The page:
LAWS and Strategic Stability

At the Washington Summit held between the Soviet Union and the United States in June 1990, the parties made a joint declaration on nuclear and space weapons. In it, they outlined the theoretical foundations of strategic stability, which was defined as a state of strategic relations between two powers when neither has the incentive to deliver the first strike. The parties distinguished two notions within strategic stability: crisis stability and arms race stability. Crisis stability was taken to mean a situation in which even in a crisis neither party had serious opportunities or incentives to deliver the first nuclear strike. Arms race stability was determined with regard to the presence of incentives to increase a country’s own strategic potential.

The principles of strategic stability enshrined in the 1990 Declaration were considered the guidelines for weapons control. Later, the notions of “first strike stability” and even “cross-domain strategic stability” emerged.

Military AI has the potential to breach stability within any concept. Some high-ranking Pentagon strategists have already made statements that autonomous robots could ensure global military dominance. They believe that combat drones will replace nuclear weapons and high-precision munitions and will make it possible to implement the so-called “third offset strategy.”

Obviously, machine learning and autonomy technologies open new opportunities for using nuclear munitions (for instance, a high-precision reduced-capacity B61-12 nuclear bomb) for tactical missions and vice versa. Strategic tasks can be handled using non-strategic weapons.

For instance, the development of hypersonic vehicles with high defence-penetration capabilities leads to a lower nuclear conflict threshold.

The Boeing X-37B Orbital Test Vehicle and XS-1 Spaceplane space drones or the X-43A Hypersonic Experimental Vehicle hypersonic drone will change the model of confrontations in space. Combining the Space Tracking and Surveillance System (STSS) with the Command and Control, Battle Management, and Communications (C2BMC) system demonstrates entirely new strike capabilities of ballistic missiles. The strategy of neutralizing missile systems at launchers by using cyber and radio-electronic Left-of-Launch devices opens up a new roadmap for missile defence. The QUANTUM programme and the automated hacking-back cyber weapon can set destructive software into “fire” mode.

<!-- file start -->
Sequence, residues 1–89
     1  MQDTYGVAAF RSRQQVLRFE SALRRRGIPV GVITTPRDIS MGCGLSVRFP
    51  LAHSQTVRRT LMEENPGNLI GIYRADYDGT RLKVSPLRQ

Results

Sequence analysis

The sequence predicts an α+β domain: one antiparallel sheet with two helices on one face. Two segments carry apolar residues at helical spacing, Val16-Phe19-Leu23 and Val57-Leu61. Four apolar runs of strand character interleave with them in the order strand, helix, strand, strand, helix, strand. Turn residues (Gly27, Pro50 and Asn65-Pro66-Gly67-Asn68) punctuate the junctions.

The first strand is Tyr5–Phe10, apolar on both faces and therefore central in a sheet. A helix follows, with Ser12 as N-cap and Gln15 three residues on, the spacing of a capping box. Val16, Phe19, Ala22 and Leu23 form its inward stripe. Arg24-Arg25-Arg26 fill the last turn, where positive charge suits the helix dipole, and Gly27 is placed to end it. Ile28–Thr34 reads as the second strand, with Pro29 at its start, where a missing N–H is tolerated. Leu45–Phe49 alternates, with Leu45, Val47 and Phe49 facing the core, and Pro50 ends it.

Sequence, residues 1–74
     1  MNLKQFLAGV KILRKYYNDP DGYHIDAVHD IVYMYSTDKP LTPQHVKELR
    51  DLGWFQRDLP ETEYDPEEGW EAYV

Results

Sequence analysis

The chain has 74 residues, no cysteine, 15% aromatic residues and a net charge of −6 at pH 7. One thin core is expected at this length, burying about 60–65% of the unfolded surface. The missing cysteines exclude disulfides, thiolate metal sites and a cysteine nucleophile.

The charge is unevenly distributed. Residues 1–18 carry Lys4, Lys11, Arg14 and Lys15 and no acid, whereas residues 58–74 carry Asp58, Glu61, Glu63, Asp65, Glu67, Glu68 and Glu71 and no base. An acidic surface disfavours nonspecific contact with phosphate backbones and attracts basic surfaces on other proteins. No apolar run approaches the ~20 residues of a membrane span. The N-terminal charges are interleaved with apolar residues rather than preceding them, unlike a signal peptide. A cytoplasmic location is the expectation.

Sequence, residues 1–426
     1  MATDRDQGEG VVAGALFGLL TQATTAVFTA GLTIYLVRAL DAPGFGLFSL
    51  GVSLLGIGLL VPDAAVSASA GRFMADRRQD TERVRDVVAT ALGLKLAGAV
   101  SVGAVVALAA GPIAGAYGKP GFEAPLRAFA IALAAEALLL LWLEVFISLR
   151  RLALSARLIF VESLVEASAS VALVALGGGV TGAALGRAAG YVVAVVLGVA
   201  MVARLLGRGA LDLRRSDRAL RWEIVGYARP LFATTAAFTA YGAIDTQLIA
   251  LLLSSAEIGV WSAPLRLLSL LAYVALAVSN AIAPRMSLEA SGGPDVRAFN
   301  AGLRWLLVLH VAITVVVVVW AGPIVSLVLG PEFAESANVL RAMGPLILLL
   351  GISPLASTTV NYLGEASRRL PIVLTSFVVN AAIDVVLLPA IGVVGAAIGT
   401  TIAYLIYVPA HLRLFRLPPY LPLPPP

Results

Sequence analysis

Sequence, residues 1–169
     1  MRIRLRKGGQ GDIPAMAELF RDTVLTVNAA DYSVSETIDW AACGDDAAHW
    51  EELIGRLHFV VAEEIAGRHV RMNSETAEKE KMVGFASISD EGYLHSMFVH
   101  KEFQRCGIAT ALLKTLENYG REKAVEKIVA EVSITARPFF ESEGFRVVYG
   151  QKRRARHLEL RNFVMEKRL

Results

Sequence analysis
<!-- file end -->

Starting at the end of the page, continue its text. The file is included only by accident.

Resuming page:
The rapid spread of drone technologies throughout the world and the budding competition for the global market between major manufacturers of strike drones are causes for alarm. Today, the United States has over 20,000 unmanned vehicles, including several hundreds of combat strike drones. Small strike drones that in the future may deliver strikes as an autonomous swarm distributing functions without an operator’s input are now in development in future. China is not officially disclosing the number of drones in service of the People’s Liberation Army; however, some experts believe that it is roughly equal to the number in service of the Pentagon. China both manufactures and actively exports strategic drones capable of both intelligence and strike missions. Following the United States with its MQ-25 Stingray programme, China is developing ship-based drones and unmanned vehicles capable of interacting with manned aircraft.

The United Kingdom, Israel, Turkey, Iran and Japan also lay the claim to a place among the world’s leading drone manufacturers. Military strategists of small and large states believe that, in future, unmanned vehicles will form the backbone of their air force. Back in 2015, United States Md. Secretary of the Navy Ray Mabus said that the F-35 will likely be the last manned strike fighter, and unmanned systems will be “the new normal in ever-increasing areas.”

C3ISR Outsourcing and Strategic Time Pressure